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Re: [Savannah-hackers-public] Revisiting hosted wiki software

From: Noah Slater
Subject: Re: [Savannah-hackers-public] Revisiting hosted wiki software
Date: Sat, 3 Jan 2009 08:05:01 +0000
User-agent: Mutt/1.5.18 (2008-05-17)

On Sat, Jan 03, 2009 at 08:37:04AM +0100, Sylvain Beucler wrote:
> On Sat, Jan 03, 2009 at 06:20:28AM +0000, Noah Slater wrote:
> > On Sat, Jan 03, 2009 at 01:30:15AM +0100, Karl Berry wrote:
> > > My understanding follows ...
> > >
> > >     I spent a bit of time thinking about this and wondered why this was
> > >     any more of an issue on a wiki than a public mailing list,
> > >
> > > On a mailing list, it is clear that any given message comes from its 
> > > author.
> > > Therefore the views of a random poster can't be reasonably mistaken for 
> > > the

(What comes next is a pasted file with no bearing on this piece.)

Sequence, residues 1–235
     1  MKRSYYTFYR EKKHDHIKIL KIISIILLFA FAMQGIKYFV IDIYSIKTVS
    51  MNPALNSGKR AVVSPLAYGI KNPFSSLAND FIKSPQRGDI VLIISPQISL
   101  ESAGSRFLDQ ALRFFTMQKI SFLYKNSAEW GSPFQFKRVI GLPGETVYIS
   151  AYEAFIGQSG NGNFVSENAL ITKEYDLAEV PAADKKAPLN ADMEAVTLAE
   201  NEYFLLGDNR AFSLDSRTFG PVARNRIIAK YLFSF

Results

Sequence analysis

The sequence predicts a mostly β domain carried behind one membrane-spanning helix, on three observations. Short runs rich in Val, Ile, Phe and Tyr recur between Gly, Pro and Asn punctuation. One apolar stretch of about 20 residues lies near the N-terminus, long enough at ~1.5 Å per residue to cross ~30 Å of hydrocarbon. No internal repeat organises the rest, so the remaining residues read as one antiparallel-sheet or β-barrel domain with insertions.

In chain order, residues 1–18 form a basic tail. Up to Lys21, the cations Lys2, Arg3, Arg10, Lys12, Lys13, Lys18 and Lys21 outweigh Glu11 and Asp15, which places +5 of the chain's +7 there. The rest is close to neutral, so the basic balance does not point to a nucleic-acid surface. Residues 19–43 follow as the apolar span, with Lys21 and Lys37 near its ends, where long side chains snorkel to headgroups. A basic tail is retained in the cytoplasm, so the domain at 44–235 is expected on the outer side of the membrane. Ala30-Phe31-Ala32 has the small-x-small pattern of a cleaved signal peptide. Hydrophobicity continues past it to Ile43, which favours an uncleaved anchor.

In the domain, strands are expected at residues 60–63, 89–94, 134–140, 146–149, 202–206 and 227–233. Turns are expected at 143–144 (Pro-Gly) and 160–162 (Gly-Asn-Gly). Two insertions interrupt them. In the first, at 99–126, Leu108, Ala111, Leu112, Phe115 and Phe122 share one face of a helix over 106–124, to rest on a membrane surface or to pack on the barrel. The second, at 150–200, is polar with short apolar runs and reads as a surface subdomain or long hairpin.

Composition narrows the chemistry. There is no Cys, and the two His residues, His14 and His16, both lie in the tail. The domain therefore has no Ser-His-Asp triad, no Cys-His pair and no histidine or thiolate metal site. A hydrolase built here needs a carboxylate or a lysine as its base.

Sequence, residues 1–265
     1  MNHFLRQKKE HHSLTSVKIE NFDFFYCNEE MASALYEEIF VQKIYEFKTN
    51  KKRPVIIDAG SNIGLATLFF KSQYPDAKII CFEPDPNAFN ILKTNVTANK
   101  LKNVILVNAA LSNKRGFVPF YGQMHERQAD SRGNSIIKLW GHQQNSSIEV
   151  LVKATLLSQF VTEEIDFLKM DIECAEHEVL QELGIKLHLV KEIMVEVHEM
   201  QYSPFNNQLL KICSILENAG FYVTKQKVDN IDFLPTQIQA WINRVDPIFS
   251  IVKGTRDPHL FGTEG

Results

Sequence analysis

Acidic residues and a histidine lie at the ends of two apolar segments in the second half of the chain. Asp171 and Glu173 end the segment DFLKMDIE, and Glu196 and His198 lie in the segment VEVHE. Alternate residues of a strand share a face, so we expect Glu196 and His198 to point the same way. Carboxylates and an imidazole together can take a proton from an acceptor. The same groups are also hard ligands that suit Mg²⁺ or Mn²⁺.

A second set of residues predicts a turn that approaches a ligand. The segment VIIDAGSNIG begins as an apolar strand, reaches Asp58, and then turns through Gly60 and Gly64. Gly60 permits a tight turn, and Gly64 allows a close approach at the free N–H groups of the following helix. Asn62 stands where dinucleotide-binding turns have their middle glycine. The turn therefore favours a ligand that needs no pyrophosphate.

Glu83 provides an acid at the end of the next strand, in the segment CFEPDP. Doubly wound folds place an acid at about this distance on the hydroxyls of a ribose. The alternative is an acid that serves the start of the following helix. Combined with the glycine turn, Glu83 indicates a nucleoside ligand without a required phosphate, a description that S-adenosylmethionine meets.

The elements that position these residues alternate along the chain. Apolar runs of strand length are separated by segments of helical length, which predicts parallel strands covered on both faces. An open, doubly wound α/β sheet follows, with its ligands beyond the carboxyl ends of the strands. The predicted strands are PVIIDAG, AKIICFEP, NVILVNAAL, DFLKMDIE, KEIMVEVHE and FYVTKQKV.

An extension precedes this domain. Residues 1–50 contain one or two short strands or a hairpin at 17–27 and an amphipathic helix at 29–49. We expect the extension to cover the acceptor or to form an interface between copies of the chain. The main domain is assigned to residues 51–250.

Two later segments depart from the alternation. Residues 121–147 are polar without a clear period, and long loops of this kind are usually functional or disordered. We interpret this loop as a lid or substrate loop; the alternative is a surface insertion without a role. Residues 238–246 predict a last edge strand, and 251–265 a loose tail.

> > > views of GNU.
> > >
> > > This is not true on a wiki.  If the url ends in, it is in fact 
> > > likely
> > > that a casual reader will assume that pretty much everything is said and
> > > linked on there is approved by GNU.
> >
> > Ah, this is a good point that I had not thought about.
> So if I understand correctly, a closed wiki restricted to GNU projects
> members wouldn't have this problem - just like webpages.

Nope, but that counteracts the benefits that I see in a wiki.

One the biggest sources of documentation surrounding CouchDB is the wiki:

Regular uses come along and post tutorials, installation guides, fixes, tips and
pointers, links to websites using CouchDB, people using CouchDB and all the
other usual good stuff you want to see a community sharing around a project.

Two other examples that I use very regularly are the Mutt wiki:

... and of course, the Emacs wiki:

I think the value of these sites comes from letting *users* contribute and as
long as there is maintenance by the project owners, this should be workable.

Noah Slater,

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